View Description Hide DescriptionThe new diatomic radicals PdB and PdAl have been generated by depositing the products produced from the pulsed laservaporization of the elemental mixtures into neon matrices at 4 K. ESR(electron spin resonance) studies of these matrix isolated radicals, including an analysis of the ^{105}Pd(I=5/2), ^{27}Al(I=5/2), and ^{11}B(I=3/2) nuclear hyperfineinteractions, show that both have X ^{2}Σ electronic ground states. These new results are compared with previous ESR measurements for PdH, PdCH_{3}, YPd, ScPd, and PdH_{2} ^{+} to reveal electronic structure information and bonding trends as the complexity of the ligand increases 1s, 2p, 3p, 3d, and 4d. Ab initio UHF (unrestricted Hartree–Fock) theoretical calculations were also conducted on four of these small palladium radicals as part of this experimental investigation. A simple interpretation of the ^{105}Pd hyperfineinteractions and molecular g tensors based on the degree of charge transfer to palladium is presented. The observed magnetic parameters (MHz) for ^{105}Pd^{11}B in a neon matrix at 4 K are g _{∥}=2.009(2), g _{⊥}=2.042(2), A _{∥}=−1483(15), and A _{⊥}=−1483(2) for ^{105}Pd, and A _{∥}=197(4) and A _{⊥}=140(1) for ^{11}B. The parameters for ^{105}Pd^{27}Al are g _{∥}=2.010(1), g _{⊥}=2.0343(5), A _{∥}=−1283(10) and A _{⊥}=−1268(2) for ^{105}Pd, and A _{∥}=182(2) and A _{⊥}=84.6(5) for ^{27}Al.

Microwave spectrum of benzene⋅SO_{2}: Barrier to internal rotation, structure, and dipole moment
View Description Hide DescriptionThe microwave spectrum of the benzene⋅SO_{2} complex was observed with a pulsed beam Fourier‐transform microwave spectrometer. The spectrum was characteristic of an asymmetric‐top with a‐ and c‐dipole selection rules. In addition to the rigid‐rotor spectrum, many other transitions were observed. The existence of a rich spectrum arose from torsional–rotation interactions from nearly free internal rotation of benzene about its C _{6} axis. Transitions from torsional states up to m=±5 were observed. The principal‐axis method (PAM) internal rotation Hamiltonian with centrifugal distortion was used to assign the spectrum. Assuming six‐fold symmetry for the internal rotation potential, the barrier height was determined as V _{6}=0.277(2) cm^{−1}. The spectrum of C_{6}D_{6}⋅SO_{2} was also assigned. Analysis of the moments of inertia indicated that the complex has a stacked structure. The distance R _{cm} separating the centers of mass of benzene and SO_{2}, as well as the tilt angles of the benzene and SO_{2} planes relative to R _{cm} were determined. The values obtained were R _{cm}=3.485(1) Å, θ_{C6H6 }=±12(1)° and θ_{SO2 }=44(6)°. While SO_{2} is certainly tilted with the sulfur end towards benzene, the sign of the benzene tilt angle could not be unambiguously determined. The dipole moment of C_{6}H_{6}⋅SO_{2} was determined as μ_{ a }=1.691(2) D, μ_{ c }=1.179(2) D, and μ_{ T }=2.061(2) D.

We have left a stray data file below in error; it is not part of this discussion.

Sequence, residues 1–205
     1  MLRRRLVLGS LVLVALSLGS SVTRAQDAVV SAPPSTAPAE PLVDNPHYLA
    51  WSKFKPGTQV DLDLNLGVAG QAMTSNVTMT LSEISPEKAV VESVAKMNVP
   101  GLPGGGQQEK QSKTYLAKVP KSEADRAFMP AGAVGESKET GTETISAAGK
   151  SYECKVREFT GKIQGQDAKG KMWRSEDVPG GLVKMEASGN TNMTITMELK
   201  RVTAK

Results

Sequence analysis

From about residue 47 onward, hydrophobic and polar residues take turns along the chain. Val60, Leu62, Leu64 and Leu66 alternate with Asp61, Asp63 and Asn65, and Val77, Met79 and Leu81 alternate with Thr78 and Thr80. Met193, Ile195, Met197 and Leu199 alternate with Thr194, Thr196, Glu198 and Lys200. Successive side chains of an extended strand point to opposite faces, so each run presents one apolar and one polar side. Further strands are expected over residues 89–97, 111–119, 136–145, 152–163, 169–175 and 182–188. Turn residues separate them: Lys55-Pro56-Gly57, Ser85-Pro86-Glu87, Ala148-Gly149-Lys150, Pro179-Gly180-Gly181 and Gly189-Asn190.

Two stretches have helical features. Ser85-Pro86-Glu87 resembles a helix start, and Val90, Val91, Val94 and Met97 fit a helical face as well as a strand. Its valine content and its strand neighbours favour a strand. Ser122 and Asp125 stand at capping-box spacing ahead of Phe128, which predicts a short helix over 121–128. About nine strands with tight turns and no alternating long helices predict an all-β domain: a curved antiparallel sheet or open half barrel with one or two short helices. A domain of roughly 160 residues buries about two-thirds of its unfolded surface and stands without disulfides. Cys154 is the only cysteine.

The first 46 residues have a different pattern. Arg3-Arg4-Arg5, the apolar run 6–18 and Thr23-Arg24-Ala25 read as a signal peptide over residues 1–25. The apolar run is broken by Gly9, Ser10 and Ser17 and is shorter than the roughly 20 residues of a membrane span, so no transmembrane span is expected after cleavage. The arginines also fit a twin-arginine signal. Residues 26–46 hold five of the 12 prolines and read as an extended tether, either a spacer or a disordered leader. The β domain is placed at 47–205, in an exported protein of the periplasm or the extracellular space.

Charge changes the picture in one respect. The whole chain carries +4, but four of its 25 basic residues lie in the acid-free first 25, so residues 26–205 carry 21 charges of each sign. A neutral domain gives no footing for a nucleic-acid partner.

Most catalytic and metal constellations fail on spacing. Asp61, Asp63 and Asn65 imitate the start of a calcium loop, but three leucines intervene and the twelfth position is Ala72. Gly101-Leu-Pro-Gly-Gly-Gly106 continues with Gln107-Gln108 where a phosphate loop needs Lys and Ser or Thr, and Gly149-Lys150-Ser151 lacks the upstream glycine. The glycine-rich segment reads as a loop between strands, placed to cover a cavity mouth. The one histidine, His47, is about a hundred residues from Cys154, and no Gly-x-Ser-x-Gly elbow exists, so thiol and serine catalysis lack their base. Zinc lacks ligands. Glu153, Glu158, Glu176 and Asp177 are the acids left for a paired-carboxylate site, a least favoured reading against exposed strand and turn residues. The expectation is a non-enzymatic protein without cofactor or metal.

Raman‐ultraviolet double resonance in acetylene: Rovibrational state preparation and spectroscopy
View Description Hide DescriptionWe report time‐resolved optical double resonancespectroscopic experiments in which gas‐phase acetylene molecules are selectively prepared and monitored in discrete rotational states of the v _{2}=1 (C≡C stretch, 1974 cm^{−1}) vibrational level. This is achieved by pulsed coherent Raman excitation and laser‐induced fluorescence detection. State‐selective spectra of single rovibrational states are presented under effectively collision‐free conditions. Several new rovibronic bands in the Ã←X̃ absorption system of acetylene are identified in this way, owing to the enhanced sensitivity and spectral simplification of our Raman‐optical double resonance technique. Investigations of C_{2}H_{2}(g) concentrate on rotationally resolved vibronic bands of the form 2_{1} ^{0}3_{0} ^{ x } (where x=1,2,3,...), exploring spectroscopic subtleties such as axis switching. The method has also been extended to the 2_{1} ^{0}3_{0} ^{ x }4_{1} ^{0} vibronic bands of C_{2}H_{2}(g), by Raman excitation in the (ν_{2}+ν_{4}−ν_{4}) hot band, and to studies of the deuterated isotopomers, C_{2}HD(g) and C_{2}D_{2}(g). Two distinct experimental strategies are demonstrated, in terms of their utility for spectroscopic assignment and energy transfer applications. One such approach comprises a rovibronic fluorescence excitation spectrum, recorded with fixed Raman excitation frequency. The alternative approach yields state‐selected Raman spectra, with the Raman excitation frequency varied and the rovibronic excitation wavelength fixed.